In a couple of months I will know if they will fit Federico, my partner’s friend future son ^^

 

 

Psychotherapy

After years of psychotherapy myself, I would not recommend anything but to go through that process to every single person on earth, ok, maybe not every single one, but most of them.  Having done my process, I am completely sure that doing therapy is a natural thing to do for those who suffer and have some questions about life and about themselves (and also for those who think they don’t think, but that is a bunch hard to catch). It is not an easy task and definitely a bumpy ride, but its worth it. Even though I still have issues, and luckily I will continue to be human and not 100% ‘fixed’, I feel so much better with myself, I have learnt to know me, my processes, my coping mechanisms, my vicious circles, so I know what to expect and how to deal better with it, or just wait until it fades away.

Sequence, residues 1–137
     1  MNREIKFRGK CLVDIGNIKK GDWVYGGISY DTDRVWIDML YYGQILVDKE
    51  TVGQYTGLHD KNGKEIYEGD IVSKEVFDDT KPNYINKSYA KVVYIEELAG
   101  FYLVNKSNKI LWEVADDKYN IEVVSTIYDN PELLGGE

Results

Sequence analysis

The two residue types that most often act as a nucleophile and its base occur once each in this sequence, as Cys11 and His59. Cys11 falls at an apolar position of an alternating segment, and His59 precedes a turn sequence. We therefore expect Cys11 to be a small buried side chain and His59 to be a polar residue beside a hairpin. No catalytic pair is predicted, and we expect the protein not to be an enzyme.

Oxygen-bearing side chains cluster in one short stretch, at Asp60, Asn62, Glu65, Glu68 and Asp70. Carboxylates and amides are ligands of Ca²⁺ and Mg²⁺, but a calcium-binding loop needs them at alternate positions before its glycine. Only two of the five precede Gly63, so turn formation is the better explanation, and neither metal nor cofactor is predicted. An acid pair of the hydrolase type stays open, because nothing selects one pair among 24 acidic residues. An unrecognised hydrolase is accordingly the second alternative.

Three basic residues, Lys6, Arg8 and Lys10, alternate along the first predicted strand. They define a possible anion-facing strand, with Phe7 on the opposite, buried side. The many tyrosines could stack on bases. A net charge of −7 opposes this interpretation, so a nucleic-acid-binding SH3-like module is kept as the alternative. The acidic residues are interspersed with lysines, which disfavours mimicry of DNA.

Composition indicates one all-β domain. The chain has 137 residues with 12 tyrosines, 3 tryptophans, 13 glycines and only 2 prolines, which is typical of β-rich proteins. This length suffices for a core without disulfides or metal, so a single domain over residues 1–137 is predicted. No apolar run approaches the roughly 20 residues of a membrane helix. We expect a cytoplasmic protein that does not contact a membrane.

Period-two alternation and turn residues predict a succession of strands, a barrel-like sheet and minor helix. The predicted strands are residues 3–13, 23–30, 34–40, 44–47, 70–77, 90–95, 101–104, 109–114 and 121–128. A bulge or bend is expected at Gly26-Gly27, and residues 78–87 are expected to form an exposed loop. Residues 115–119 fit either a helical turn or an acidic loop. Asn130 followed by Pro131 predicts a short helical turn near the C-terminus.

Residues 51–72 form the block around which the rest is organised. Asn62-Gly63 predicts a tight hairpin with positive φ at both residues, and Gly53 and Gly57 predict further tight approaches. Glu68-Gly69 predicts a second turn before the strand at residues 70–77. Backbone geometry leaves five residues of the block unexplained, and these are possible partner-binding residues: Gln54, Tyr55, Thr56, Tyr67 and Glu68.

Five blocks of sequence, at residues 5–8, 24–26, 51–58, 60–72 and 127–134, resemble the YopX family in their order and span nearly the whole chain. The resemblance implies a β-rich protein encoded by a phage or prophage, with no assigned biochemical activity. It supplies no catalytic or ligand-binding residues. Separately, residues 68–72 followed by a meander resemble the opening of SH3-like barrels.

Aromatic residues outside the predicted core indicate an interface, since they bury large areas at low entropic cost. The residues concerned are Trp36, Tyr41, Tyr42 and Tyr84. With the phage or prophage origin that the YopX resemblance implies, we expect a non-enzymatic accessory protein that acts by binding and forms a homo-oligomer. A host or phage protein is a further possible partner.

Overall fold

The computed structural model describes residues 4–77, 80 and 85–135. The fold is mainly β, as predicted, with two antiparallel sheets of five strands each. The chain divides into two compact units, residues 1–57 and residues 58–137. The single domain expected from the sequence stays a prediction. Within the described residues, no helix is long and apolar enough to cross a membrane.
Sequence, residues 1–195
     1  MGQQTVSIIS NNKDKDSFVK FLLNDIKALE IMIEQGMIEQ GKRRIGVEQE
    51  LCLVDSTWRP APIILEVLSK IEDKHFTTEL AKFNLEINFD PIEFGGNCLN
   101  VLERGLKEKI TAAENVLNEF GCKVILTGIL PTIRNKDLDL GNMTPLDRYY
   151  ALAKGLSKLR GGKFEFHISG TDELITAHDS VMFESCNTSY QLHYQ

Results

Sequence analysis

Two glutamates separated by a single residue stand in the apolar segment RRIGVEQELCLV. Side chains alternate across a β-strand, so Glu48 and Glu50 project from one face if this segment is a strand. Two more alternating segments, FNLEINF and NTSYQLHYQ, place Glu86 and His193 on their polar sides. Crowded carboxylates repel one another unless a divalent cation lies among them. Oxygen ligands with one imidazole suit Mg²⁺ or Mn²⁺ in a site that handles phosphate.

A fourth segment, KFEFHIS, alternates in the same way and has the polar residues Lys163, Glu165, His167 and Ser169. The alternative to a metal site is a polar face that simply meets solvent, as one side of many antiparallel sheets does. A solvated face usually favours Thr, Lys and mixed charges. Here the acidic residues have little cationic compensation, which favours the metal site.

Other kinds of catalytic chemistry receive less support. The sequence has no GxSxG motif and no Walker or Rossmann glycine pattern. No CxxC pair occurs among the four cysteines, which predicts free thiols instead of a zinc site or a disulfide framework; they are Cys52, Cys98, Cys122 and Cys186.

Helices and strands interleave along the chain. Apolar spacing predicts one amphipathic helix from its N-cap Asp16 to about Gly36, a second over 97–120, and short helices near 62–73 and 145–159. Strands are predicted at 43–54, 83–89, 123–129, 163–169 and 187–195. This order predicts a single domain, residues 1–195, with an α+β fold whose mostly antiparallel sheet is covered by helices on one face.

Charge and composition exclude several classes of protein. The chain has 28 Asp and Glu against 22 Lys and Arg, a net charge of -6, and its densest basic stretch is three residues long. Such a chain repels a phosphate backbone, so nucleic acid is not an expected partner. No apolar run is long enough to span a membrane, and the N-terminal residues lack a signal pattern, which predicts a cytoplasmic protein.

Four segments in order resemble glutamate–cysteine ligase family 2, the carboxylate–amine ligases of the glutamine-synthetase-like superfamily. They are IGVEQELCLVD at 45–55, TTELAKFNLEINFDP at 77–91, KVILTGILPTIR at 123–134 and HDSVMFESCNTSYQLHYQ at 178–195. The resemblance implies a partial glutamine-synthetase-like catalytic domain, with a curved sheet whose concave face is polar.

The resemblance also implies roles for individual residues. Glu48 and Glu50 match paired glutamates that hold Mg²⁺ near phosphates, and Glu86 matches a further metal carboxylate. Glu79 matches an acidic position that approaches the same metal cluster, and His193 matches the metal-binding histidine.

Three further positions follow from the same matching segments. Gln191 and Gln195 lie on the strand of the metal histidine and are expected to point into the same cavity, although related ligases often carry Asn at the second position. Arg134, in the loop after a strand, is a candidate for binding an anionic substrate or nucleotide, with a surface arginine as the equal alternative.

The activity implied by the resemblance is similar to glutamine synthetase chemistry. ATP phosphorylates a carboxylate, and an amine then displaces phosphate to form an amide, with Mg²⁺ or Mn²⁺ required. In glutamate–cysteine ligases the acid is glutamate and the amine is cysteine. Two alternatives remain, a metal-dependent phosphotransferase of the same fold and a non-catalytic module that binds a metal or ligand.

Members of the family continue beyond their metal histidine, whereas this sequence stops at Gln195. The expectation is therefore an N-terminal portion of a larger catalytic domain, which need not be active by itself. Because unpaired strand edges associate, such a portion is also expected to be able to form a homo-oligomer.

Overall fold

My next step, as a person and as a psychologist, is to spread the word and work towards the easier access to psychotherapy 🙂 so fear not and join the challenge!

 

The bell jar

  Yesterday night I have finished reading ‘The bell jar’. At the beginning it was by chance, but then I think it has become some sort of mourning therapy to keep on reading novels in which the main character has mental health issues. I find interesting not only the topic itself but it is a research of how the authors find the words and metaphors to describe those experiences what really catches me, and so I go on on this research.